If modern enterprises are to achieve the promises of a cloud-first future, business and IT teams must improve collaboration. For IT leaders, delivering data-driven insights from SaaS management (SM) is an ideal starting point.
Reason being, teams and individuals throughout enterprises procure and use the software in faster and more independent ways. During this process, IT is often removed from the central decision-making (or influencer) role but must nonetheless ensure that people use the right, decentralized tools.
Indeed, as seen below, the current trends of enterprises show that employees and departmental levels have a much bigger role in software purchases:
Employees are responsible for 50% of cloud app purchases, equivalent to 1% of total cloud spend.
Department level is responsible for 35% of cloud app purchases, equivalent to 70% of total cloud spend.
IT is responsible for 15% of cloud app purchases, equivalent to 29% of total cloud spend.
Centralized IT teams must now extend responsible levels of autonomy to business and engineering teams so they can efficiently deploy the tools and applications they need — especially for more technical use cases like data science, analytics, or engineering.
Automating the discovery and improvement of SaaS estates is one way for IT management to perform such nimble governance efforts without delaying productivity/innovation.
SaaS management: A driver for IT-business collaboration
Above all else, SaaS management (SM) is a perfect opportunity for IT leaders who want to lead continuous transformation efforts to use their technical knowledge to facilitate more open conversations with teams in finance, procurement, and security.
As Alm Brand's EVP Hjort-Madsen stated: "Being hidden is not as much fun as being able to show the value of your investments. Because if you can show the value, you get more money to innovate." For forward-thinking cloud companies, this process is contingent on efficiently documenting all decentralized applications in companies (i.e., shadow IT). Superior SM has thus become central to decision making, savings and investment, security management, and productivity.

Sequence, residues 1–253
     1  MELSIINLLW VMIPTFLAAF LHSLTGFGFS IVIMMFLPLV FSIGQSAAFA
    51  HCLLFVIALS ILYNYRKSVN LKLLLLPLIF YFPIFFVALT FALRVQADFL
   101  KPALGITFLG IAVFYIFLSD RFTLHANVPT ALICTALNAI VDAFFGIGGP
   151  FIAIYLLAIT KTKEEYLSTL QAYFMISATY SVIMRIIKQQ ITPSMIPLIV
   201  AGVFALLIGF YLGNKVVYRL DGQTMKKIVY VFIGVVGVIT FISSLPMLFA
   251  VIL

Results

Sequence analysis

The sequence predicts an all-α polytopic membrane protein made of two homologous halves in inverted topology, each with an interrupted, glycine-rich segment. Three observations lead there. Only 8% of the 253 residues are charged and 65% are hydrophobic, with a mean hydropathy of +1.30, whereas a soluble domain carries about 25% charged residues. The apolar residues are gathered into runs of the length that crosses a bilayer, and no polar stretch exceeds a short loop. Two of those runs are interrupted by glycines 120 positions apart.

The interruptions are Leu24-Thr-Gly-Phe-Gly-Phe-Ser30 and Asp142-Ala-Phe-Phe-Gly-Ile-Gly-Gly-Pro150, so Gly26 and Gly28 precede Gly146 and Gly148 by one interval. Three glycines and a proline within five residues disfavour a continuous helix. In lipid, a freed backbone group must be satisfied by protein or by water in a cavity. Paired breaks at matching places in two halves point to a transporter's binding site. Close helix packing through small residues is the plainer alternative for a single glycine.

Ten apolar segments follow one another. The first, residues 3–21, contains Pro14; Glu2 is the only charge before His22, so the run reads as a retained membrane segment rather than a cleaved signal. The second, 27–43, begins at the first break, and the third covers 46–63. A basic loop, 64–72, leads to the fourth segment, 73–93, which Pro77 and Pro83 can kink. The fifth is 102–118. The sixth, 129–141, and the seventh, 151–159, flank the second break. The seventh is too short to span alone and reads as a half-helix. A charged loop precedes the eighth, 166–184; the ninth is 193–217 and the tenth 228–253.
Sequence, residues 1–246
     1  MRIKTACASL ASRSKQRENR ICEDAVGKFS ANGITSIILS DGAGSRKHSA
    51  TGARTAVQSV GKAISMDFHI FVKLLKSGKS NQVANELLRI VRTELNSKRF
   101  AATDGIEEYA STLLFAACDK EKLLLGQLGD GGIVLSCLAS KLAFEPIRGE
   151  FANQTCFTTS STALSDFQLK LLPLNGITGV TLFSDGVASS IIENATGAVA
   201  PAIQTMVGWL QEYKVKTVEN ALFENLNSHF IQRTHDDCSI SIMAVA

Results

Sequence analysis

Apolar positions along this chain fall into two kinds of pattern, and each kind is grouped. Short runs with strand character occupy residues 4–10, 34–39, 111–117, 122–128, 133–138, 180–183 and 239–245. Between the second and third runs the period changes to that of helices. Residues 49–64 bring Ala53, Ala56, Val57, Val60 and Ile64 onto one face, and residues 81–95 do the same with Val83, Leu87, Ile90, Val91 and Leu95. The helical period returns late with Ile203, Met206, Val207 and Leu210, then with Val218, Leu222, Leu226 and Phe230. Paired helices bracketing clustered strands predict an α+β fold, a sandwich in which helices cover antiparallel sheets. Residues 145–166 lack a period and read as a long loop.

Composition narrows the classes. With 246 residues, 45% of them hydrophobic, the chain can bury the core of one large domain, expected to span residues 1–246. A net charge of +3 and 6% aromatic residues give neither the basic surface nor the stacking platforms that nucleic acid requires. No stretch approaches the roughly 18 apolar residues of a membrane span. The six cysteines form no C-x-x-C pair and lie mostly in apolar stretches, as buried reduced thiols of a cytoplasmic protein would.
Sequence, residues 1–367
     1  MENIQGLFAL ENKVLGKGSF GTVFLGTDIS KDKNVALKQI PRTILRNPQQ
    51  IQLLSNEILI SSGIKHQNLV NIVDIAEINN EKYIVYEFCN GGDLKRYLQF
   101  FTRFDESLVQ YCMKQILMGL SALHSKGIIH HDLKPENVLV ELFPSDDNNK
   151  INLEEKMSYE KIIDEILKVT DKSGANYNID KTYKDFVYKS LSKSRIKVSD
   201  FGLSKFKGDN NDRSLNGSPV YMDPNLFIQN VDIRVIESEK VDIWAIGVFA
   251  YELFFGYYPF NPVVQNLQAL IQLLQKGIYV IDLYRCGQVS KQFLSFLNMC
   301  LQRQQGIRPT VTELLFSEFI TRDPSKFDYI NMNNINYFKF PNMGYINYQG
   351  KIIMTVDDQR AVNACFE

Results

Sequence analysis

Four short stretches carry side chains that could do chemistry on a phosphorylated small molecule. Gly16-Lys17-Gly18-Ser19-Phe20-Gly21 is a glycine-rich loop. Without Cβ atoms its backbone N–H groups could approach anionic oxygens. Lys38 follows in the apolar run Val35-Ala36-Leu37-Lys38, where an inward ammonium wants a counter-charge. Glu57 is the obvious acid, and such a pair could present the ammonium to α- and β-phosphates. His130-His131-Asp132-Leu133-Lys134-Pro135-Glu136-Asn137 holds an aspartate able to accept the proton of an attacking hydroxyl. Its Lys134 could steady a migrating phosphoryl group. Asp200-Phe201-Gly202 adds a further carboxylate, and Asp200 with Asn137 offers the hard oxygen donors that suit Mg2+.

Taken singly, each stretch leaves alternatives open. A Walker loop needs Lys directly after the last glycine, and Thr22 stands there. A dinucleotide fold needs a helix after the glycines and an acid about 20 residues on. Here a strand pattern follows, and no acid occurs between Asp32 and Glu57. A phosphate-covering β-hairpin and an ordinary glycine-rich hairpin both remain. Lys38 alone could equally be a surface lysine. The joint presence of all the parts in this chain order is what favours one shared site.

SM activities have proven to produce a sort of "hive effect" where critical departments can connect, leverage one another’s insights, and, together, deliver business value. This is particularly important given the overlapping, functional IT-business responsibilities surrounding SM processes and cloud landscapes in general:
- IT drives productivity and cloud usage. It provisions and onboards new tools and administers existing ones.
- Finance controls spend and prioritizes financial responsibility. Finance guides budgeting, cost optimization, and planning.
- Procurement sources recommended tools at competitive prices and look for license consolidation opportunities.
- Security teams monitor vendors’ data access and ensure conformance to company policies.
The collaborative benefits of SaaS management
Insights into the following can easily be collected via dedicated SM platforms: